[Avodah] Targumim from Sinai
akivagmiller at gmail.com
Sun Jan 3 08:36:26 PST 2021
About 11 1/2 years ago, R' Simon Montagu started this thread, exploring how
authoritative the targumim are.
This morning, as I began learning Parshas Shemos, I noticed that the first
pesukim contain the word Ivri (Hebrew) several times in various forms, and
in every case, Onkelos translates it as some form of Yehudai (Jew). In my
opinion, this is a very reasonable translation if Onkelos was trying to
explain the Torah to his contemporaries, but it is highly unlikely that a
translation dating from Sinai would have used this word. So I decided to
post this as evidence that although the ideas and concepts which appear in
Onkelos' translation might date from Sinai, the exact words were probably
M'inyan l'inyan b'oso inyan...
I wondered why I didn't notice this translation in recent parshiyos. It
turns out that forms of the word Ivri appear six times in Sefer Bereshis
(14:13, 39:14, 29:17, 40:15, 41:12, 43:32) and Onkelos *always* translates
it as some Aramaic form of Ivri -- "Hebrew", not "Jew".
It's not until Sefer Shemos that Onkelos changes his style. Never again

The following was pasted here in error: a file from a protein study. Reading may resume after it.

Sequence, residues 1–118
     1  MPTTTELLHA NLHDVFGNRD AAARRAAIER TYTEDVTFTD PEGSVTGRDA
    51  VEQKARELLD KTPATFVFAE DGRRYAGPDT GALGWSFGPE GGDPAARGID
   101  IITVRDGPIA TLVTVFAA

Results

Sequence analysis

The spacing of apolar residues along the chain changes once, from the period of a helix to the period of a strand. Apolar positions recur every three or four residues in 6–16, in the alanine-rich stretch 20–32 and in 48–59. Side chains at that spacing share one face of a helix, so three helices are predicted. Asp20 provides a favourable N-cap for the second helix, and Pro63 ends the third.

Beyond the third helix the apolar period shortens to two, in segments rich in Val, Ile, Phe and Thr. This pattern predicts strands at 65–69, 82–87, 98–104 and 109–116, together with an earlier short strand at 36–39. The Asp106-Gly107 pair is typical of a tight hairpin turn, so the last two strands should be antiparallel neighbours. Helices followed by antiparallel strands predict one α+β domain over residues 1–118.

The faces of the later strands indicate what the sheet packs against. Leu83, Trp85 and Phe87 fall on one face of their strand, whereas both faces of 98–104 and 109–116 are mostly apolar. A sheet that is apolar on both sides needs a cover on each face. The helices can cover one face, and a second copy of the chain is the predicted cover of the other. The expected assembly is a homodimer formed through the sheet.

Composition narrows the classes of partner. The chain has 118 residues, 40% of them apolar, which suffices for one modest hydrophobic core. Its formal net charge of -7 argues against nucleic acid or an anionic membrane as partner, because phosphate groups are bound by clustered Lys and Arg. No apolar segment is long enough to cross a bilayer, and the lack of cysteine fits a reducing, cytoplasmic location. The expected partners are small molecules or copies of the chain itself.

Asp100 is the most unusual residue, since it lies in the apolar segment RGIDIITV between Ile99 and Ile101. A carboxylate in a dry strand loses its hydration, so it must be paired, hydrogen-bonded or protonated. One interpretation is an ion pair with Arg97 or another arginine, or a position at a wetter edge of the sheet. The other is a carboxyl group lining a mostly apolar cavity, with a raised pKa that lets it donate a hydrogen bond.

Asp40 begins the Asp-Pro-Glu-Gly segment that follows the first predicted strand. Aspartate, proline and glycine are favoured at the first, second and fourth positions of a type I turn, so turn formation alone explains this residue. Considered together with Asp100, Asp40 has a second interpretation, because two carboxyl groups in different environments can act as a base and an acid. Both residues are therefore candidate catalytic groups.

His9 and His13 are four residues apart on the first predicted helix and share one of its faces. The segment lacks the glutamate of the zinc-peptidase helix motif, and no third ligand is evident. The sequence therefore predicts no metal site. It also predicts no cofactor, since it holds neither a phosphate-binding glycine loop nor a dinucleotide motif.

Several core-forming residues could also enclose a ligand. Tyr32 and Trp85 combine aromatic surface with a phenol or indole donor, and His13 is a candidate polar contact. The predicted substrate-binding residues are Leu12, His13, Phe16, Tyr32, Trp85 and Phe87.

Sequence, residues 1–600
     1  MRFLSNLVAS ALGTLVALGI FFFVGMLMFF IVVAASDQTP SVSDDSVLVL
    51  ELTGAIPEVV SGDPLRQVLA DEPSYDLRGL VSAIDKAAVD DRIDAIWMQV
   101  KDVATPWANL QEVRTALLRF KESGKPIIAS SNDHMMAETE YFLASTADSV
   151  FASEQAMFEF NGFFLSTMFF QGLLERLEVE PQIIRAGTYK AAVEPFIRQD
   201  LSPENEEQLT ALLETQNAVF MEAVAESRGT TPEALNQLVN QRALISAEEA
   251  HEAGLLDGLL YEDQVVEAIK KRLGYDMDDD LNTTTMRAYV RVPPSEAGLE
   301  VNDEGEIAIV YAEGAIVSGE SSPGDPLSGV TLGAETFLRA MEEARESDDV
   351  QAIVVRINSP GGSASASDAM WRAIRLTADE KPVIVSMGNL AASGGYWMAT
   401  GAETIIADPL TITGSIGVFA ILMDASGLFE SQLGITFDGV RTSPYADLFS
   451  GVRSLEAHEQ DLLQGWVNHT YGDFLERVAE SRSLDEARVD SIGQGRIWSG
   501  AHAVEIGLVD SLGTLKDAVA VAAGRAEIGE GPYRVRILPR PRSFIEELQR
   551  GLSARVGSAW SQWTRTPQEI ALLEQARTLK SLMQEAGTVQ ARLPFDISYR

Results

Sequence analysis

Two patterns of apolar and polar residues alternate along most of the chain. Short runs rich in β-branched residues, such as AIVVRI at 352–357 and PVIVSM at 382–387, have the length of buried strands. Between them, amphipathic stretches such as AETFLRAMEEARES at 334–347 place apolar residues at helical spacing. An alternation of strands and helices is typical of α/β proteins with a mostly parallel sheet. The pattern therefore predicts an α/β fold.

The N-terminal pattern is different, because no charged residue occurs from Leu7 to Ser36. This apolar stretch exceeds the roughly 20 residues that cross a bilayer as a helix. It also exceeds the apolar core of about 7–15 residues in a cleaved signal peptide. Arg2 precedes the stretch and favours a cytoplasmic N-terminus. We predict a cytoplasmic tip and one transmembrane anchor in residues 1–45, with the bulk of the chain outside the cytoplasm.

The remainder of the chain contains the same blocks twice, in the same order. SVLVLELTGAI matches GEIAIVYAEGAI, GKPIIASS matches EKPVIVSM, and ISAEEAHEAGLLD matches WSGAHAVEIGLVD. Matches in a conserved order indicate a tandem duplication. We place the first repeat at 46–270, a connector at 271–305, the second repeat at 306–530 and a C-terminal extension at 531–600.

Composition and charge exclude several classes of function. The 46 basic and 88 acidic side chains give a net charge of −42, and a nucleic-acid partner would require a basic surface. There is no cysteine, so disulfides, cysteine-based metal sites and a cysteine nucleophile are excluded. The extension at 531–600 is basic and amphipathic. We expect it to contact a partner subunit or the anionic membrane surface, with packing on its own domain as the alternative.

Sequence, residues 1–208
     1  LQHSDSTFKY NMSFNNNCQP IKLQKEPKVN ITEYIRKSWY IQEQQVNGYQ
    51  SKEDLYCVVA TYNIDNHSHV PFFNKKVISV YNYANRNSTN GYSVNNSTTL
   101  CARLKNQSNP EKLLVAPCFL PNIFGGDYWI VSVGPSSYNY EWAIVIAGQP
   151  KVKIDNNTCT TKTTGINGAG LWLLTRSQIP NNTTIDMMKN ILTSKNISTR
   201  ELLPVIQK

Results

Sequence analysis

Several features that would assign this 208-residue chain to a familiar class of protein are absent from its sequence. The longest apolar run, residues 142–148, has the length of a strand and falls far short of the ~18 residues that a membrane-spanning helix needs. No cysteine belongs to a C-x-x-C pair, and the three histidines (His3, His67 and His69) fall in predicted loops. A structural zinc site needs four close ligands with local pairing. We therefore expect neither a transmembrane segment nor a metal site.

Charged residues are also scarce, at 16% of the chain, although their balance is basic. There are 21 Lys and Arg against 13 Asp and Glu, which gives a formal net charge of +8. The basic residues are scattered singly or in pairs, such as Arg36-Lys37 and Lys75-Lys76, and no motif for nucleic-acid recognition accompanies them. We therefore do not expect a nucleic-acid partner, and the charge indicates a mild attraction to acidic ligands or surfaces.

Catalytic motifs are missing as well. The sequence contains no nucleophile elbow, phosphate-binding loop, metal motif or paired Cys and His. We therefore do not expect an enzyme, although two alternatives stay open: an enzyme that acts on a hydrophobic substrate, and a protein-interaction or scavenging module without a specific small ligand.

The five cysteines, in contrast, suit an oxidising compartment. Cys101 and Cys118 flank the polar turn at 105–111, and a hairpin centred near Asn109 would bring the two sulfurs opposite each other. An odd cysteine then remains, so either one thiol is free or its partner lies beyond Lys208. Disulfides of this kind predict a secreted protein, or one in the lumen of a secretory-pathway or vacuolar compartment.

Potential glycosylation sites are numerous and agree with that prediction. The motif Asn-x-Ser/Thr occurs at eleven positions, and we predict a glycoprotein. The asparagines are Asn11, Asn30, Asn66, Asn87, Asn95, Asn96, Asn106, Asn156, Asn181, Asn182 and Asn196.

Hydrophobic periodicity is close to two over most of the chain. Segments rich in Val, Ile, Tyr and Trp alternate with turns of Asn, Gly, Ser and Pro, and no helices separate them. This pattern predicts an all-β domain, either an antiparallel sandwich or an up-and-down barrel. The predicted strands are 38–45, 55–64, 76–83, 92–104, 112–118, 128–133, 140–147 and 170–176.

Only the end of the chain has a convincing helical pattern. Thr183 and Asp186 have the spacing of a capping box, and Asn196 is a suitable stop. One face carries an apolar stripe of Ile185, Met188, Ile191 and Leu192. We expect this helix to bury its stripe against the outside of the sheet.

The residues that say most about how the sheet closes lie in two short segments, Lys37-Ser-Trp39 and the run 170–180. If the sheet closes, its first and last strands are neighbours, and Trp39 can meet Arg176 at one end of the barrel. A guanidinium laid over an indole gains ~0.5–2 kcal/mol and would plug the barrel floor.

does he leave Ivri as Ivri; we are (or are becoming) a nation, and it seems
that Onkelos wants his audience to be able to identify with that nation, by
unambiguously translating it as Yehudi. This is true in Shemos 1:15, 1:16,
1:19, 2:6, 2:7, 2:11, 2:13, 3:18, 5:3, 7:16, 9:1, 9:13, and 10:3.
(After Parshas Bo, the word Ivri does not appear again in the Torah, with
three exceptions: Shmos 21:2, and twice in Devarim 15:12. All three of
those are in the context of an Eved Ivri, and Onkelos translates "Ivri" as
"Bar Yisrael." I find this to be a very reasonable change: If Onkelos had
used either "Ivri" or "Yehudi", then the result would have been ambiguous,
possibly meaning an eved who is *owned* by a Jew. By translating as "Bar
Yisrael" in those cases, it clearly refers only to an eved who *is* a Jew.)
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